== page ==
Deleted in Colorectal Cancer (DCC) is a putative tumor suppressor gene, whose loss has been implicated in colorectal tumorigenesis. Decreased or loss of DCC expression has been demonstrated in a number of human cancers, including esophageal cancer. In this study, we analyzed esophageal squamous cell carcinoma (ESCC) cell lines and primary ESCCs as well as normal esophageal tissues for DCC methylation by bisulfite sequencing, methylation-specific PCR (MSP) and/or quantitative methylation-specific PCR (qMSP). When a qMSP cut-off value for positivity was set to 1.0, DCC methylation was detected in 10 of 12 ESCC cell lines tested, 74% of primary ESCCs (n = 70), 0% of corresponding normal esophageal tissues (n = 20) and 0% of normal esophagus from healthy individuals (n = 19). DCC expression was undetectable in the majority of ESCC cell lines, and treatment with the DNA methyltransferase inhibitor 5-aza-2'-deoxycytidine reactivated gene expression. DCC overexpression suppressed colony formation in ESCC cell lines, suggesting that DCC may function as a tumor suppressor gene in the esophagus. However, DCC methylation was not associated with any clinical or pathologic parameters measured. We have demonstrated that DCC methylation is a frequent and cancer-specific event in primary ESCCs, suggesting that DCC and associated pathways may represent a new diagnostical therapeutic target.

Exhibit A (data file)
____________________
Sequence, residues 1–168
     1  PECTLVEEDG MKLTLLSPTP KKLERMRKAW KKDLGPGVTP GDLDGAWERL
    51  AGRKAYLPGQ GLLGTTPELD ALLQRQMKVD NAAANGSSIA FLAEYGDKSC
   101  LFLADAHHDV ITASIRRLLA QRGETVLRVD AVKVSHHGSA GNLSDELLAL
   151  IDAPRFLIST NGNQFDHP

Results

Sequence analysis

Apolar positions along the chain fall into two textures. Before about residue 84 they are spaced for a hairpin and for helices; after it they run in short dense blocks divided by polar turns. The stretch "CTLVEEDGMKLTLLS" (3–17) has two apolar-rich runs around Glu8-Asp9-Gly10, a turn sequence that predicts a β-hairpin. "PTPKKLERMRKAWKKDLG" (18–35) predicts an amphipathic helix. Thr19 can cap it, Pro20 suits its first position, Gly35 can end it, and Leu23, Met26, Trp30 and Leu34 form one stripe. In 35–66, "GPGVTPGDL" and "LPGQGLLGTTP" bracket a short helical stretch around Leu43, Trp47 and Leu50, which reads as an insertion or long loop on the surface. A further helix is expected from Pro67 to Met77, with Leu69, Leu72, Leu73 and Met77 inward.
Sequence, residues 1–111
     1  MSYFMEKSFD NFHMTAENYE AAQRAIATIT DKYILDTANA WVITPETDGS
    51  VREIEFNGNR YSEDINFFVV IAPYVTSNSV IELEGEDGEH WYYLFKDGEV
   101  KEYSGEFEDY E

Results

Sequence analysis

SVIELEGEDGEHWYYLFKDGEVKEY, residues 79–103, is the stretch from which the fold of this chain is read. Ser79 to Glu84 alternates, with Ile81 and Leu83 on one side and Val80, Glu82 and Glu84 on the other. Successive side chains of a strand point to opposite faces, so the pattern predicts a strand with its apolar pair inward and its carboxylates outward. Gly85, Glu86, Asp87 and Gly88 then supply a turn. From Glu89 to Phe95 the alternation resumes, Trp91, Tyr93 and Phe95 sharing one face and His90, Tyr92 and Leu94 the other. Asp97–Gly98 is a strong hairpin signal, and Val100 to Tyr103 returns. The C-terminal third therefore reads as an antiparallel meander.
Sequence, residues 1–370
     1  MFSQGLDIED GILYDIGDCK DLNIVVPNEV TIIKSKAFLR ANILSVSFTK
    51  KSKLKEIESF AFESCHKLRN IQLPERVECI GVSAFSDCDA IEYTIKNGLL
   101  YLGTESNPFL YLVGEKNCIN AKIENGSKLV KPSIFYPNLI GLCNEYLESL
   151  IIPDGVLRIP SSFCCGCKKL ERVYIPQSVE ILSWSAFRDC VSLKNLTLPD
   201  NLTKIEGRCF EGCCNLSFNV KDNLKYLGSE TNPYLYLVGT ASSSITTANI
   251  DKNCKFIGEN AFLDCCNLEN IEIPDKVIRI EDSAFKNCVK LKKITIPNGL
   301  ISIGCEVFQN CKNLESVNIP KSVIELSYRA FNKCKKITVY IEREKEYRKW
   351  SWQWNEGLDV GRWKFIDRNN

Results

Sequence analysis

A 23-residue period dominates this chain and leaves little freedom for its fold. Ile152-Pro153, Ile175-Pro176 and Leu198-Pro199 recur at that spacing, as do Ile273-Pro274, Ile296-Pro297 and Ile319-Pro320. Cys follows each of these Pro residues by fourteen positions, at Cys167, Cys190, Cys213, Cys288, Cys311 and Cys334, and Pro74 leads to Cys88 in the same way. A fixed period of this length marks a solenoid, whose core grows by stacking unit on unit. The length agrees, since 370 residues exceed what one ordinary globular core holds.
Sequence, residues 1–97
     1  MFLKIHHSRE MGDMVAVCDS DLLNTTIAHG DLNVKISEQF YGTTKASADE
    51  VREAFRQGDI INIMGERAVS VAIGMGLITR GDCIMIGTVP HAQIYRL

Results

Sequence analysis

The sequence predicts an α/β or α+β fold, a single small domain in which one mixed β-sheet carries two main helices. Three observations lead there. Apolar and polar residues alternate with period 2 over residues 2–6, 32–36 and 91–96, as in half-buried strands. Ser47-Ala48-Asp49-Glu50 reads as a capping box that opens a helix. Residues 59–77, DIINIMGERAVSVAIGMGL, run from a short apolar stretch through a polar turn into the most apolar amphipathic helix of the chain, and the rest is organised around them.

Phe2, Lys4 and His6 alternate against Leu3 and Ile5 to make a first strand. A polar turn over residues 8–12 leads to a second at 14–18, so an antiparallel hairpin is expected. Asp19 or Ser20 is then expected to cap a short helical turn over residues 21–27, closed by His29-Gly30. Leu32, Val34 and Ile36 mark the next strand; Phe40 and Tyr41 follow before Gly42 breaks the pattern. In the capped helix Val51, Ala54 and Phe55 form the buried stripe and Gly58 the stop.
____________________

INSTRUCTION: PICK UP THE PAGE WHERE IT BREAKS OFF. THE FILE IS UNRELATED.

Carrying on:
(c) 2008 Wiley-Liss, Inc.